TRIBUTE IN MEMORY OF KENNETH BRUCE
By A. G. CAMPBELL.
In the late afternoon of Sunday, September the 3rd, our entire community was shocked at the news that Mr. Kenneth Bruce, president of the Florida Chautauqua Association, had passed away at Hot Springs, Virginia.
Mr. Bruce was born in Poughkeepsie, New York, December 28, 1876. He there attended Bisbee’s Military Academy. In 1889 when his father, the late, lamented Wallace Bruce, was appointed as Consul to Edinburgh, Scotland, he carried with him his family and there Kenneth was placed in Dr. Bryce’s Collegiate School for boys where for three years he proved himself a faithful and painstaking student. However, it was not the desire of the father that the son should be educated across the waters, but that he should complete his education in America, so after three years of study in Edinburgh, Mr. Kenneth Bruce returned to New York, one year prior to the return of his father and family. He then entered Williston Seminary and later PhilIips Andover where he prepared for entering Yale University. Even in these preparatory schools he received recognition for his literary attainments and other scholarly achievements, and was often awarded prizes in [various] debates. It was his desire to go to Yale University, the Institution from which his father had graduated in the years gone by, and it was his privilege, after completing his work in these preparatory schools, to enter this University from which he graduated in 1900. Mr. Bruce was a member of the Yale Literary Society and was editor of the Yale Literary Magazine.
It was while he was yet in the University that he began giving literary lectures, the first of which the people of DeFuniak Springs had the honor and the extreme fortune to hear, as it was from the Florida Chautauqua platform that he delivered his first literary lecture, “The Idylls of the King.” After graduation from the university, it was his desire to study law and he attended law schools in New York for some time. However; he was a loyal and devoted son and recognizing the vast assistance that he might be to his father who had assumed the burden of carrying on the Florida Chautauqua in addition to his publishing work in Brooklyn, New York, he abandoned the study of law and came to the assistance of his father in the Chautauqua work. From that day he devoted his attention to literature and the lecture platform. He was recognized as one of the most popular lecturers and was invited to various places, and wherever he lectured it was the desire of those who had the opportunity of hearing him, to have him return.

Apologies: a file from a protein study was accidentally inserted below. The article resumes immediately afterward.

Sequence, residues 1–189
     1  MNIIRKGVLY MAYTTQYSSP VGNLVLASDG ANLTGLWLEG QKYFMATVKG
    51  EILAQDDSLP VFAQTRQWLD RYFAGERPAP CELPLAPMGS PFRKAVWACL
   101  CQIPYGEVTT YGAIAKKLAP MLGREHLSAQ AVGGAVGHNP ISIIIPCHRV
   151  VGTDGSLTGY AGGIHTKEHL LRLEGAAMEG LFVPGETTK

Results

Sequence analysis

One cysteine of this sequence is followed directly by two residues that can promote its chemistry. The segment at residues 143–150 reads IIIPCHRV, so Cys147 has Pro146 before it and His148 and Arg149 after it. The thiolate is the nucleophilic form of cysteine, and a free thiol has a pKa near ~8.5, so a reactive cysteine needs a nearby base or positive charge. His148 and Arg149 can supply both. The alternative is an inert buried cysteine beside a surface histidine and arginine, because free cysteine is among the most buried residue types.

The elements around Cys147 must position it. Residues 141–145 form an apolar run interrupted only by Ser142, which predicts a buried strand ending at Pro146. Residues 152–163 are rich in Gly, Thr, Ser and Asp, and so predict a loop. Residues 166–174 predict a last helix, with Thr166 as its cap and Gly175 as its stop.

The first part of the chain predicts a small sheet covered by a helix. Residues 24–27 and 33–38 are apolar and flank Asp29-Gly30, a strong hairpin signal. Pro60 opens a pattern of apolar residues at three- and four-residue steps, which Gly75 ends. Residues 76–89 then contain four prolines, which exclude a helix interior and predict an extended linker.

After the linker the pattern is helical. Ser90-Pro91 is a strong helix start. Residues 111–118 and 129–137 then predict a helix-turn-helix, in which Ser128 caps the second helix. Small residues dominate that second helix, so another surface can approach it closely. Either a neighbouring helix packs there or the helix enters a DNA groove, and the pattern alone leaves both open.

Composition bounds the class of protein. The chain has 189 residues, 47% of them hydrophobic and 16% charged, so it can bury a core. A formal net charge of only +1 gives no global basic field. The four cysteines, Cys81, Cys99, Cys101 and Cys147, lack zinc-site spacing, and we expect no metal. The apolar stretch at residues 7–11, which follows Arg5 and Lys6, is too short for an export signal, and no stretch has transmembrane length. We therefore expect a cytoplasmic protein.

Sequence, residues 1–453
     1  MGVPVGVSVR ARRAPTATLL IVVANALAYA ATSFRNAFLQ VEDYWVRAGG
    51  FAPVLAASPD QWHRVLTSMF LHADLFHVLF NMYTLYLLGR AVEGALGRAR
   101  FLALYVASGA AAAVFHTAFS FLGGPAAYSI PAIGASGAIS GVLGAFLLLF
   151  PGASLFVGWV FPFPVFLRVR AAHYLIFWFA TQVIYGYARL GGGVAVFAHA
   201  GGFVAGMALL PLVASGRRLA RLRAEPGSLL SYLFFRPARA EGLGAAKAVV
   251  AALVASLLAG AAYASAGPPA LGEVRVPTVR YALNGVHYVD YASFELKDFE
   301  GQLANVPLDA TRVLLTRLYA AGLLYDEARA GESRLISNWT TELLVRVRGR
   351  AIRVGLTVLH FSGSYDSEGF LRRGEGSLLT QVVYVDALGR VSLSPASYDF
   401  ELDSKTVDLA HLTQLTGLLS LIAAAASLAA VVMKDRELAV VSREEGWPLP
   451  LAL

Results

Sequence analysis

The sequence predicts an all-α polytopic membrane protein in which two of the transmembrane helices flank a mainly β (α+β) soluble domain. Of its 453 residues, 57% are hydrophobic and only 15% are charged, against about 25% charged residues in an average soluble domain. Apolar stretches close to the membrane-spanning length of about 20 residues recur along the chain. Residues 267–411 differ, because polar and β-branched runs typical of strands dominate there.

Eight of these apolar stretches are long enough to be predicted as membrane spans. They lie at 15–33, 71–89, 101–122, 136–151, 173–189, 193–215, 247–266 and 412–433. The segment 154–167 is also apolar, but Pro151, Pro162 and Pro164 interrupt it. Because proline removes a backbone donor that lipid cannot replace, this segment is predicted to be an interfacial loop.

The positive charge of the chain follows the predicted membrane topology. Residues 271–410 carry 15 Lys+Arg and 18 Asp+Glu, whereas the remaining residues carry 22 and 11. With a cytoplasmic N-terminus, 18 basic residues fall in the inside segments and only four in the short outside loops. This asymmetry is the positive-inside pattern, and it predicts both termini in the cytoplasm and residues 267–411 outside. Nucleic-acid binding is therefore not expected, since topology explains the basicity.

The [best] years of his life were given to the service of DeFuniak Springs as well as the rest of Western Florida. Since his father’s health failed him years ago, he has ably and successfully carried on the great Chautauqua work. He had unbounded confidence in the future of the Florida Chautauqua, and in his mind had greater things in store for this great Institution in the; coming years. May we not hope that these ideals which he had, will be carried out and that the same guiding providence which, moving in a mysterious way, removed him in this, the heyday of his life, will raise up some one who may in a measure at least carry out the plans he had formed and cherished.
Not only will he be missed by reason of his leadership in the Chautauqua and other great movements, but his unbounded christian charity which was so freely bestowed upon the needy will be sorely missed. None who were worthy of assistance and their need made known to him, ever failed to receive help from him.
He himself by his work and life erected a monument which will outlive a monument of granite or stone, for his memory will ever be held dear by those who knew him best — his friends and neighbors in DeFuniak Springs — and this memory will be handed down to the coming generations.
[Source: The Pensacola Journal, September 12, 1916, Page 4]
[Burial: Magnolia Cemetery, DeFuniak Springs]